While Mexico has become a popular manufacturing destination in recent years due to a myriad of advantages, including low labor costs, a weakening peso is driving that labor cost even lower. The resulting effect is a sometimes overlooked boon for US companies seeking to increase productivity. It is believed that the peso devaluation effect will continue for several years as Mexico’s infrastructure continues on its current path of improvement and when oil returns to $50-$60 per barrel.  In the meantime manufacturing in Mexico continues to cast appeal to upper management of start-up companies as well as large companies.

The Peso Devaluation Effect

Because human capital is a fundamental component of business, it is vitally important for manufacturers on the global market to look for opportunities to cut costs wherever possible. Many US companies have found Mexico’s low labor cost and numerous other incentives make the Latin American country ideal for outsourcing labor. The country offers unique opportunities in the form of their maquiladora system. And this allows foreign companies to seamlessly partner with Mexican factories.

Mexico’s peso is sliding in value against the US dollar as the resulting peso devaluation effect on maquiladoras is increasing their profitability for US firms. This, in turn, is making those maquiladoras increasingly popular to US manufacturers, because the dollar remains strong, and thus goes even farther in Mexico. This is true for manufacturing in Juarez and manufacturing in Tijuana as well as all locations throughout Mexico. Currently, the peso is trading against the US dollar at nearly 19 to one. This is historically low for the peso. But it translates directly into noticeable savings for labor costs. In other words, as the peso slides, the same US dollar buys more and more labor, getting the job done for less. This peso devaluation effect has been observed in the past, such as in the 1994 currency crisis, when US manufacturers invested in Mexico at unprecedented levels.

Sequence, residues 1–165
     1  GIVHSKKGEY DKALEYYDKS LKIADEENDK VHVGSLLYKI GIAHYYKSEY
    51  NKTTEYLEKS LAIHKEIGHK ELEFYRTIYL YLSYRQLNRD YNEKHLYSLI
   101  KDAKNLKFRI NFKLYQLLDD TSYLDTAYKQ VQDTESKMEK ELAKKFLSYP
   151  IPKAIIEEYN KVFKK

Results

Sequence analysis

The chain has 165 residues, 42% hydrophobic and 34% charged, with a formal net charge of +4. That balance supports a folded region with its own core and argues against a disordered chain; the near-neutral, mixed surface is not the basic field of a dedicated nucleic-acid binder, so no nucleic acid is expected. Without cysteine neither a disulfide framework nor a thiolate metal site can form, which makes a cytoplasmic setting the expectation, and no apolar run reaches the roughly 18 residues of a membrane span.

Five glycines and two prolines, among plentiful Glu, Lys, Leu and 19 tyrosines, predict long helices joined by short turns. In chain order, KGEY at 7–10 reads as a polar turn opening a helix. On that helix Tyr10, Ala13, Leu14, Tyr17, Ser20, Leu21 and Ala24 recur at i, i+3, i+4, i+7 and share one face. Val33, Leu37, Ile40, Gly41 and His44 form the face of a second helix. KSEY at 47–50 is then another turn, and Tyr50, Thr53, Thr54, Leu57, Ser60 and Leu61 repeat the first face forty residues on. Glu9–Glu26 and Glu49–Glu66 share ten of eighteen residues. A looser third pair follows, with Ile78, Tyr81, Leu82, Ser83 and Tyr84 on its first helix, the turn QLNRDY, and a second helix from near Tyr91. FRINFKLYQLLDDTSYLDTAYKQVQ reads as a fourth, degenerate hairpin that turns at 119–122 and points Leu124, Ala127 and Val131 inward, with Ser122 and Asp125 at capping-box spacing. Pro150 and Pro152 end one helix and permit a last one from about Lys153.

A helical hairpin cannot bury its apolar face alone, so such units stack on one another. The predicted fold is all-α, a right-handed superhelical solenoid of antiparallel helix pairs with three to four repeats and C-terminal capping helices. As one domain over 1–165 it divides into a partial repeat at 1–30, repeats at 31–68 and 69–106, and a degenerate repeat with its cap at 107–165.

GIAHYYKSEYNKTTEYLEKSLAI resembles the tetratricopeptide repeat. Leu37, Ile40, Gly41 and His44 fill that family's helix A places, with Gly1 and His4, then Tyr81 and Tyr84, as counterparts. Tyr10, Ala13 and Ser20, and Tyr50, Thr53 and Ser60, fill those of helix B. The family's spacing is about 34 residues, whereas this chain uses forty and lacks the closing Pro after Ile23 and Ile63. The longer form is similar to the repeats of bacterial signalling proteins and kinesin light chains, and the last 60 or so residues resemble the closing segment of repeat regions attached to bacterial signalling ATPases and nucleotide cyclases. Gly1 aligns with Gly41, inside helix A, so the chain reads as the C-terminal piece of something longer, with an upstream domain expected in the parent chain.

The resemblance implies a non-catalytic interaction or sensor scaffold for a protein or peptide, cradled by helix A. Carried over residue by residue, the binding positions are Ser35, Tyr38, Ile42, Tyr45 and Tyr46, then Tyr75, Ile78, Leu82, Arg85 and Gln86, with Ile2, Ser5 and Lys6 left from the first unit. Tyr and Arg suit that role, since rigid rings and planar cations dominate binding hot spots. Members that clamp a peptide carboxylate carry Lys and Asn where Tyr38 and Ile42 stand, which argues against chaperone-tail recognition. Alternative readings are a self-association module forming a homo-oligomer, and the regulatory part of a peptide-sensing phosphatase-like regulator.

The Slide of the Peso

Despite strong economic indicators in Mexico, such as strong growth in GDP and relatively low inflation, the peso is sliding at an historic rate. According to economists and financial experts, some of the reasons driving the devaluation of the peso include:

  • Falling oil prices have caused Mexico’s central bank to issue more debt.
  • Expectations that the US Federal Reserve will continue to raise interest rates
  • Uncertainty with the financial situations in Europe and Greece
  • Mexicans sensing the weakening of the peso are more likely to exchange them for dollars, compounding the devaluation.

This trend and resulting peso devaluation effect on maquiladoras manufacturing will continue for at least another year or two, by some estimates. Mexican production gets at least 70% of its inputs from US companies, so supply levels are secure. Meanwhile, peso-based labor will continue to quietly benefit US manufacturers doing business in Mexico, attracting even more investment.

To assist companies with a greater understanding on the economics of the peso devaluation effect a Mexico shelter service company is prepared to assist the reader with further information.  One such company, https://www.tecma.com (The Tecma Group of Companies, located in El Paso, Texas and San Diego) has developed 30 years of experience with US – Mexico economics.